MIT Negotiates With Tent City
Little Progress Made in Squatters' Demands
Although MIT officials yesterday negotiated for three hours with representatives of Tent City, there are no easy solutions in sight for the evicted homeless squatters.
MIT officials said at yesterday's meeting--their second since the November 20 eviction from MIT property--that they will take part in a coalition between private and public sectors to find a solution to the homeless problem. Officials also said they will attend another negotiation meeting later this month.
Philip F. Mangano, the city-appointed mediator between the two groups, said the activists made clear their demands for attention to the homeless problem and are awaiting a response from MIT.
But Assistant to the President Walter Milne said that although the homeless issue is "everybody's problem," he does not think MIT should be expected to find a solution on its own.
"We believe the public sector has the lead," he said. "We're a private real estate owner."
Activists said that community pressure and national press attention have forced MIT to negotiate with the homeless. "It would not have happened without Tent City," said David J. Glenn, an MIT graduate student and advocate for the homeless.
MIT added fuel to the fire this week, when it paid for a $2000 full-page advertisement in the Cambridge Chronicle outlining MIT's standpoint on the Tent City issue. The ad also criticized a Chronicle editorial that had faulted MIT for its handling of the eviction, which led to the arrest of 10 people.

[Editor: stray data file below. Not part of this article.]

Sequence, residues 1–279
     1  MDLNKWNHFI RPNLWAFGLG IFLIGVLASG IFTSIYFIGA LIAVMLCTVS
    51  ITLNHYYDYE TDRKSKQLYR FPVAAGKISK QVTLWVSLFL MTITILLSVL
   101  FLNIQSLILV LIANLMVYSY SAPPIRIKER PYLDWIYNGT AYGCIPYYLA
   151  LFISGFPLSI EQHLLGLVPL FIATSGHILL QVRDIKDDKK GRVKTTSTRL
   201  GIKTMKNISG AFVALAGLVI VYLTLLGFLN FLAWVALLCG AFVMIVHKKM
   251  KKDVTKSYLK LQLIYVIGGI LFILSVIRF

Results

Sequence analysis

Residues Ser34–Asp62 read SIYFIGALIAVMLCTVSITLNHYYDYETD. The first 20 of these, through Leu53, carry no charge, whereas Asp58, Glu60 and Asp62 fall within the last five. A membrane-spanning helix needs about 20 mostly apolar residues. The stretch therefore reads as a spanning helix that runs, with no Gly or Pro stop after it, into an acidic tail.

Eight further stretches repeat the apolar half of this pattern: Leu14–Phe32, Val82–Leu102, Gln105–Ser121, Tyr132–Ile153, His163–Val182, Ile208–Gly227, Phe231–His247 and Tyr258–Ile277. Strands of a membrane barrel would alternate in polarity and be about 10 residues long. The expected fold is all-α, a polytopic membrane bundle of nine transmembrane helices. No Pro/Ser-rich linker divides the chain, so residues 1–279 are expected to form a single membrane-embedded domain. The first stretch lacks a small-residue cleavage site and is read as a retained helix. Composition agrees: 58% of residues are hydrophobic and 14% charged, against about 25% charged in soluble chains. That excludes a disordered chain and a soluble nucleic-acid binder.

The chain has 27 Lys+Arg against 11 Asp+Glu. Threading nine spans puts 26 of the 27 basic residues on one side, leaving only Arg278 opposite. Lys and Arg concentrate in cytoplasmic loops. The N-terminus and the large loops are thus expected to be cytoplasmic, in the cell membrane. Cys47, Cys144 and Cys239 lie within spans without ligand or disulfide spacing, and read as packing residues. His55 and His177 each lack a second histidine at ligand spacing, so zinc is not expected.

Tent City squatters had occupied the site for one month before MIT evicted them from the land, which is part of the controversial University Park development site near Central Square.
Officials decided to buy an ad instead of writing a letter to the editor because they felt unable to state their case in a shorter letter form, said Milne, who co-authored the ad. Milne said MIT took out the ad to present facts he said the media had neglected. He said he was unaware of the price of the ad.
But several people involved in the Tent City issue said the ad had an adverse effect on relations between the activists and the university.
"It calls into question the good faith of MIT," said Jim Stewart, who runs the First Church Shelter for the homeless and is a Tent City supporter.
"It's a bad [public relations] thing from beginning to end," said David Wiegand, editor of the Chronicle and author of the editorial critical of MIT.
Last night's meeting brought mixed reactions from participants, who included activist and MIT Professo. Mel King,MIT students and officials, and Tent Cityadvocates and representatives.
"I'm shaky on the whole thing,' said formerTent City Mayor Evelyr Parks. She said MITofficials implied they would not satisfy TentCity's demands for use of the three MIT-ownedhouses on Blanche Street that are part of theUniversity Park Development Plan. The houses,which have been vacant for 14 years, have been thefocus of Tent City residents' protests.
But Milne said, "I think the fact that we'retalking is a concrete step which we weren't doingbefore."
Tent City residents are still meeting severaltimes a week to plan their course of action and todiscuss which 12 of the original Tent Cityresidents will live in a River Street house,offered rent free through March by Cambridgelandlord Alex Steinbergh